Director Emeritus, International Center of Photography, New York
Today my crystal ball is a little cloudy. But I can see that this is a time of fantastic changes . Photojournalism is alive, but not in customary ways. There are only two really good outlets for the old fashioned picture essay- National Geographic and Geo in Europe. And the old idea of photographers chasing around the world’s hot spots is not viable. It’s too difficult to be different from other media. But books and exhibitions-that’s a wide-open field. And so is new technology.

Photographer, IKAPA Arts Trust, Cape Town, South Africa
When you look at the majority of people in the world, the literacy level is still so low that photojournalism- the use of photography to put across ideas- continues to have a major role. But at the same time, the ability of people to get, and respond to, information has been so highly developed that we cannot grasp the revolutionary nature of the change taking place. The use of photos and stories on the Internet has enormous potential. In our city, for example, we have about 100 schools, namely white, middle-class schools, that are already connected to the Internet. Every child has his or her own online address. But then, about five minutes away, there are children in schools without electricity. This reflects the kind of huge social difference that exists in many parts of the world.
There will always be a need for quality journalism and publications that allow for critical evaluation of society-especially in countries like ours, where the disparity in income and in gender equality is so sharp. We must all find ways to get across information, ways to engage in critical evaluation. We have no other option but to use photojournalism in any way we can.

Photographer, New York
I’m pessimistic about how the new media will support in-depth work in some serious fashion. I don’t see the multimedia world looking to photographers to be the tellers of tales. They are looking for stock, and consider us content providers, which I find particularly insulting. Independent photographers will struggle, as always-not only about how to produce, but also about where to have impact with their work. We have to look for ways to open up the doors, not just make up the images.

Editor, Katalog: Quarterly Magazine for Photography, Frederiksberg, Denmark
The more interesting question than whether photojournalism has a future-I think it does-is what it’s going to look like. In the long run the Internet and electronic media will be important, even though they’re not yet. Large companies like Microsoft and Walt Disney will play a big part, and we need to know. whether they are going to open things up to everyone or whether they’ll just come in, commercialize the Net, and narrow its functions. The future of photojournalism is more a discussion of media infrastructure than of photographers and genres.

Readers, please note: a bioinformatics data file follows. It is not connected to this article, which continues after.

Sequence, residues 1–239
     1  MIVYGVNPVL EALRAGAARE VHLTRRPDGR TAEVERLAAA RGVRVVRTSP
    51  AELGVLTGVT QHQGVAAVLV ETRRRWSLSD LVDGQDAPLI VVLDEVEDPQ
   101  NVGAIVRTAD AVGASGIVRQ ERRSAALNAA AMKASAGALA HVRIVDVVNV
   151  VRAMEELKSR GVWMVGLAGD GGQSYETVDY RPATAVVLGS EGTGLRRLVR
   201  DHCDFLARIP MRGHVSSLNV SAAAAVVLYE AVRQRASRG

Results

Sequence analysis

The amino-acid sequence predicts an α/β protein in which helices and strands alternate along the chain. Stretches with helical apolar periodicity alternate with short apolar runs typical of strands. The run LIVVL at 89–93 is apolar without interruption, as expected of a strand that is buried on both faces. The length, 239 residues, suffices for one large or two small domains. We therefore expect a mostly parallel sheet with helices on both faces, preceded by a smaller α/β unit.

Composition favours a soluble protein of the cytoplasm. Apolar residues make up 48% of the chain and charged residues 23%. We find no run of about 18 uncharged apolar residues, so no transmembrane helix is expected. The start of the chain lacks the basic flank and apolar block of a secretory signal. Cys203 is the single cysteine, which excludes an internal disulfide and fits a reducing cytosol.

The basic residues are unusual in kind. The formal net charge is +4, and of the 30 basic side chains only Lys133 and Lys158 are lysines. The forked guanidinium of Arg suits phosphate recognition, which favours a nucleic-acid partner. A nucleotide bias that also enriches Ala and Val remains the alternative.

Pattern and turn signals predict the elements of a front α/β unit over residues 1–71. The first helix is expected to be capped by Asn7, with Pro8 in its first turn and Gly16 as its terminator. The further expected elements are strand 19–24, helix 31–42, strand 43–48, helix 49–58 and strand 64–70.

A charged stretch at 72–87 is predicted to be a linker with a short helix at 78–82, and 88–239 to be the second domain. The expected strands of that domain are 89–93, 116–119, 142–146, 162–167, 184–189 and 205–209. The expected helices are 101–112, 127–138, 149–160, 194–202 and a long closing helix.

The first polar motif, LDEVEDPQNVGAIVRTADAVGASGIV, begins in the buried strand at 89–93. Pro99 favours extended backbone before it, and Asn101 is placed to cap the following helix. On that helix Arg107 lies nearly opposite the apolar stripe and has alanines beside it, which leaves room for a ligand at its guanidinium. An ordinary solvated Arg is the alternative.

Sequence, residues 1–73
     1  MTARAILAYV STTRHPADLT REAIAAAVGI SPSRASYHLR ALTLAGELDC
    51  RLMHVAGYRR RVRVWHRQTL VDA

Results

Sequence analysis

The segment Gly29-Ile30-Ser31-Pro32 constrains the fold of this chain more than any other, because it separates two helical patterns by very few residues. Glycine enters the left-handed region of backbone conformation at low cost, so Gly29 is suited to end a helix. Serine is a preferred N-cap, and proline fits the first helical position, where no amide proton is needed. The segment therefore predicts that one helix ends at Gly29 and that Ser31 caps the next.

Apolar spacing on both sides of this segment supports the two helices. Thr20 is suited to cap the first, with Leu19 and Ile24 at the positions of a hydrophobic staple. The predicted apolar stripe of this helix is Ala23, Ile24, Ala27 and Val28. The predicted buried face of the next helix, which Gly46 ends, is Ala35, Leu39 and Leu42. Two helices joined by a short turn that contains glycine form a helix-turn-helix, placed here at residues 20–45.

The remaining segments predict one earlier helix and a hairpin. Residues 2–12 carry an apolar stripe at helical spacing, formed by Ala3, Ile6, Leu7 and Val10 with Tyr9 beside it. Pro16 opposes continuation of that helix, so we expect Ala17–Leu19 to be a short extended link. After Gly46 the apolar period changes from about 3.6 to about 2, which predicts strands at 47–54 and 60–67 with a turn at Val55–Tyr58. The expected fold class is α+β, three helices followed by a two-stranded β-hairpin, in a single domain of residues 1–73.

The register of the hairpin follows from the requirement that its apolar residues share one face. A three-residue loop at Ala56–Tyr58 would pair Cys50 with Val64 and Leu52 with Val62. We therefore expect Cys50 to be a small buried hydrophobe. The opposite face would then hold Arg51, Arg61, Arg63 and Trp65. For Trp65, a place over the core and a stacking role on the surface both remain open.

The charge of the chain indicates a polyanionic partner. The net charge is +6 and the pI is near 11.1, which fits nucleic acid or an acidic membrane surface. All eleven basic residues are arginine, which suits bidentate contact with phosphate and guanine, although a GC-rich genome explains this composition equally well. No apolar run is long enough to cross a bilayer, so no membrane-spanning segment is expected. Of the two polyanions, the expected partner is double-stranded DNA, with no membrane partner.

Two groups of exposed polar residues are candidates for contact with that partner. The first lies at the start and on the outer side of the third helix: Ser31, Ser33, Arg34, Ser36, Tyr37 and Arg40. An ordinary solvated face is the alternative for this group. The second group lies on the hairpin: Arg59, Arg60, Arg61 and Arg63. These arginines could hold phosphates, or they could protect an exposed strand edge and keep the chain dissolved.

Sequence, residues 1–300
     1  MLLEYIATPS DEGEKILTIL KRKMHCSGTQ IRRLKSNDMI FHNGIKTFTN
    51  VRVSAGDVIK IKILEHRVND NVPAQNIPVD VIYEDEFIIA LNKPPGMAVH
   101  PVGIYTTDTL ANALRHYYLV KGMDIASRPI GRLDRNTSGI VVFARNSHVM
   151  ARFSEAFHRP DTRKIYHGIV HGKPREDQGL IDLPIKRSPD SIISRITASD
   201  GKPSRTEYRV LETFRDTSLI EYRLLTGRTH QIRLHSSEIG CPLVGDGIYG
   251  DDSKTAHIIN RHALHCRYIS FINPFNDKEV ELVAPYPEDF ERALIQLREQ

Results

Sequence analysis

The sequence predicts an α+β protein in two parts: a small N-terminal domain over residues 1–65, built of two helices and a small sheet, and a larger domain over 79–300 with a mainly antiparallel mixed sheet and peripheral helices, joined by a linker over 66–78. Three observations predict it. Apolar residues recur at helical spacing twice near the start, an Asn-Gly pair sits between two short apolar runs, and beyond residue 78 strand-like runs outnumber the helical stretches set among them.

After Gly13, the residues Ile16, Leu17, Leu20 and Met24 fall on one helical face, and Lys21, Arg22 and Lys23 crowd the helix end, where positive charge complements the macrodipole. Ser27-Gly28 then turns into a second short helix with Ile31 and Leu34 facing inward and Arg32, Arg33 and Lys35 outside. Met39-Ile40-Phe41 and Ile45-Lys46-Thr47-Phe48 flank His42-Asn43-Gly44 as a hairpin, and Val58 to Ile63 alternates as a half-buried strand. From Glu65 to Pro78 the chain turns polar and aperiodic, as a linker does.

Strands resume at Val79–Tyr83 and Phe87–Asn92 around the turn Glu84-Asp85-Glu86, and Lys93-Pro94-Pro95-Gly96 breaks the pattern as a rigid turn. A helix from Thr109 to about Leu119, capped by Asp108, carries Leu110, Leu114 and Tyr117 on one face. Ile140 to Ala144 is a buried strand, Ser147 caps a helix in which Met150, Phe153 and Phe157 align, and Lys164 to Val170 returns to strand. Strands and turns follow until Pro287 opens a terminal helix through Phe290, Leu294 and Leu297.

Director of Photography, l.os Angeles Times, Los Angeles
I actually find that the new technology is making this an exciting time for photojournalism. Young photographers coming out of school today are not tied to the past, not thinking about the good old days. They recognize the potential of what’s coming-that their skills can apply to video, to sound technology. I once said that the anthropological definition of a photojournalist is hunter and gatherer. And that’s still there-the imagery is still there-but how the information is presented will change and have more depth. In order to do their job, photojournalists of the future are going to have to be aware of motion and sound. They’ll need to be able to bring back elements of dialogue, for instance, or the sound of gunfire, in addition to the imagery. And the savviest photojournalists will be able to network. They will know a great designer and a great researcher and be able to put together al electronic package-for CD-ROM, TV, the Internet. Packaging and teamwork will have more significance.

Photographer, Paris
As long as there’s journalism, there will be photojournalism. They’re two halves of a whole. And although they certainly won’t last forever, for the moment I don’t see either one of them coming to an end. Roland Barthes, in his book Camera Lucida, stated that photography, rather than film or television, is the collective memory of the world. As I see it, he’s right about this. Photography immortalizes a moment, which then becomes a symbol, a reference. Photography is a universal language; it doesn’t need translation. Its collective memory is a mirror in which our society continually observes itself.